Monday, November 10, 2008

Film and fiction plus a rainy day

We got our new numberplates on Saturday and I came home while K got the car inspection done at a govt-authorised private inspection centre, dropping me off on our way back from the dealer's centre at Raritan. I prepared lunch, a simple repast really but a rather gloomy one, if you take the weather into consideration. The latter is becoming moodier by the day, so that we are rolling our trackpants into shorts one evening and freezing under the comforter while watching TV, the very next day. And it's not really so bad unless it's raining. Then it's properly depressing. It makes you just want to go back to bed, wanting to wake up to a clear blue sky, lush greenery and sunshine streaming onto your warm face. Anyway, we settled down to watch a movie after that. 'Shoot on Sight' seemed rather cliched in terms of storyline and slow in terms of narrative progression, so we moved onto something more light and lively, namely 'EMI'. Unfortunately, the last part didn't seem to be available but what the heck...we got to watch the film first day, first show (well, not exactly perhaps, but it felt like that) and we liked it. Or as much of it as was within our access. Of course, we were lucky enough to locate the last part the very next day. It was a bit of a letdown. The slowly and smartly built up quartet of drama and crises seemed to resolve itself all too hurriedly, so that what was gained in terms of time was definitely lost in terms of credibility and audience satisfaction.
That reminds me. I've been reading a collection of 5 Agatha Christie novels entitled: ' Murderers Abroad' : Five Complete Novels'. Three of these novels (They Came to Baghdad, So Many Steps to Death and Passenger to Frankfurt) run concurrently on a fairly complicated plot against a bizarre backdrop, anarchy and conspiracy in and around the times of the post-cold war and in the sombre aftermath of the first world war. One motif is strangely similar, the inconspicuous - because plain and naive looking - woman getting to the bottom of it all by simply letting the villainous lot interpret her in the most obvious manner, thereby underestimating the worth of her solid common sense. This struck a chord with me as it reminded me of several instances when my mother/sister or a certain friend insisted on a particular person or incident making them feel uneasy and I had just shrugged it off as nerves. They were almost always annoyingly right. Whereas my father always overlooked these gut feelings, dismissing them as feminine fears and now K seems to do the same, as if concrete evidence could always account for something that later goes irretrievably wrong. I think all these people (the nervy ones) might have one thing in common, the fine power of perception combined with an instinct for survival that unconsciously alerts them to a potential crisis , thereby making it easier to react to people and situations who/that may be too opaque to the rest of us, futilely trying to balance the logical and the lyrical.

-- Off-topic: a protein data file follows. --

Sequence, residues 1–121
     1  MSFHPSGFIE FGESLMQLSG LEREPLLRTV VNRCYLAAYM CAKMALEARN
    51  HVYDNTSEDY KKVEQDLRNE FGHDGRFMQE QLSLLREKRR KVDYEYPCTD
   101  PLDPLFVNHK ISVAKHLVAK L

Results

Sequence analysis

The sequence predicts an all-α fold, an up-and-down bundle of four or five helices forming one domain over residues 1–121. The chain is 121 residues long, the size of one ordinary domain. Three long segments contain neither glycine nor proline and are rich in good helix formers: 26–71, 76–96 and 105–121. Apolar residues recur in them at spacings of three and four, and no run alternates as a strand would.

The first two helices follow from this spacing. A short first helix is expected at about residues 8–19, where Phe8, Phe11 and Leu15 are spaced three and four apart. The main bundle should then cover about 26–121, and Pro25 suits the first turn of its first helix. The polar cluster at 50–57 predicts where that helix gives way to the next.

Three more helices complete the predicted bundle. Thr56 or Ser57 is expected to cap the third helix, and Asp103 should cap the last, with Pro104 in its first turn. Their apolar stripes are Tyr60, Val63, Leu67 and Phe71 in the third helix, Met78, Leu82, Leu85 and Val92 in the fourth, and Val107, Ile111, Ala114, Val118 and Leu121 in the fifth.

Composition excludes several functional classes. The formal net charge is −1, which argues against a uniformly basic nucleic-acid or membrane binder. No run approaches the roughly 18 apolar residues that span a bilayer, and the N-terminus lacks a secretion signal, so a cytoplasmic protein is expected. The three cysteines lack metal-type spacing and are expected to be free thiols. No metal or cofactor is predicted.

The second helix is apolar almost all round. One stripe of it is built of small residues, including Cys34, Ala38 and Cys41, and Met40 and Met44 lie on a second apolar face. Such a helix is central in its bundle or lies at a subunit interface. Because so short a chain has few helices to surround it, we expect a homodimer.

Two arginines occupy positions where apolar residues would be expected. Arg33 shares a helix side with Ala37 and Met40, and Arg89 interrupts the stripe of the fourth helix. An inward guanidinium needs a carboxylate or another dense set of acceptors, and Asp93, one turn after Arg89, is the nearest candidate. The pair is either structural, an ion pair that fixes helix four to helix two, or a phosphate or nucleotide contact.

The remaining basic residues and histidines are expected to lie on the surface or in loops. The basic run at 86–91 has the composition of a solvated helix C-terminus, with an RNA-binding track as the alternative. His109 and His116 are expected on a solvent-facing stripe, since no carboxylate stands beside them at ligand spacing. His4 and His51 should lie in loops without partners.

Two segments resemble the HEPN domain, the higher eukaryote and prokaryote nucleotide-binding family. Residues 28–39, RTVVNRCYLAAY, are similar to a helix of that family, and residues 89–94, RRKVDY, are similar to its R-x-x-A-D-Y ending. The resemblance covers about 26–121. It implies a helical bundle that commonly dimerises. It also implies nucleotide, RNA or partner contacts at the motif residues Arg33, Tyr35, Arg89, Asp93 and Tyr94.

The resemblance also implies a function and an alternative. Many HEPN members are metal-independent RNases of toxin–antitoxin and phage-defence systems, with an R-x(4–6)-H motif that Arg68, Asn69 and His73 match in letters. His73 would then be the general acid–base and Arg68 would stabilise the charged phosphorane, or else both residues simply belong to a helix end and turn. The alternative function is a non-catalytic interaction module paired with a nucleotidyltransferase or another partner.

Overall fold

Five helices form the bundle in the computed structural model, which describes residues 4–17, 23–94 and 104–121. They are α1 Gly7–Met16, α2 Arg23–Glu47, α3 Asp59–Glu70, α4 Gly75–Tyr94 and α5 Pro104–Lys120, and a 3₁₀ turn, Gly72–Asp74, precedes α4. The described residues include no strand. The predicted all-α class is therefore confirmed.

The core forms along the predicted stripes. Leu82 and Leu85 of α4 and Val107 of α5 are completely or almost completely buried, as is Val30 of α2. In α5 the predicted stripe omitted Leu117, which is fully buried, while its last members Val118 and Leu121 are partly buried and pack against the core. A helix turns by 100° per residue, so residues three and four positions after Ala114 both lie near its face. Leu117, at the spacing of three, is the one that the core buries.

I never respected the Kolkata weather until I had to be at the rceiving end of snowfall in Oct and minus temperatures dropping sharply in Nov. Titai, my nonod informs me that it's still hot and humid there and that's a saving grace when you consider all the successive outdoor festivities, where the weather does make a marked difference to the extent people do or do not enjoy themselves. Here it's a bit scary as influenza is secretly at large and flu shots have been made available at your nearest pharmacy for $30.
It's tough if you have long hair. You get dandruff both when you wash it and it doesn't dry fast due to lack of sunshine and even when you don't wash it often enough. It's just a matter of choosing what type of dandruff you'd rather have. The hairfall is equal for both dry and oily dandruff, by the way, FYI. I was all for cropping my hair short and growing it back after winter here, which would mean post-March (post-April, if I'm singularly unfortunate). It wasn't a happy thought, considering the frustratingly long time my hair took to reach the mid-back length and I was petrified at the thought of all the oiling, shampooing, conditioning, seruming and hair-spaing I would have to do to regain the lost, I mean tresses. K was traumatised at the very notion of re-trimming my hair (I had subjected him to that torture a month and a half back) and bought me a hair-dryer at the very next opportunity. Now, I wash my hair twice a week and dry it immediately afterwards. It seems I might not go bald after all.
We also watched 'The Omen' on Saturday evening. This was my latest sortie into the arena of apocalyptic reel fiction and I must admit that it was scary enough to satisfy my gargantuan appetite for the supernatural in Christian religious mythology. It took me back to my 'Exorcist', 'End of Days' and 'Stigmata' period, which I didn't recall with much nostalgia until now. I guess I haven't paid my preferences much of their dues. But I think I can afford to do that now, with a 100 mb/sec net connection at my service. I love the thought of being scared !!!

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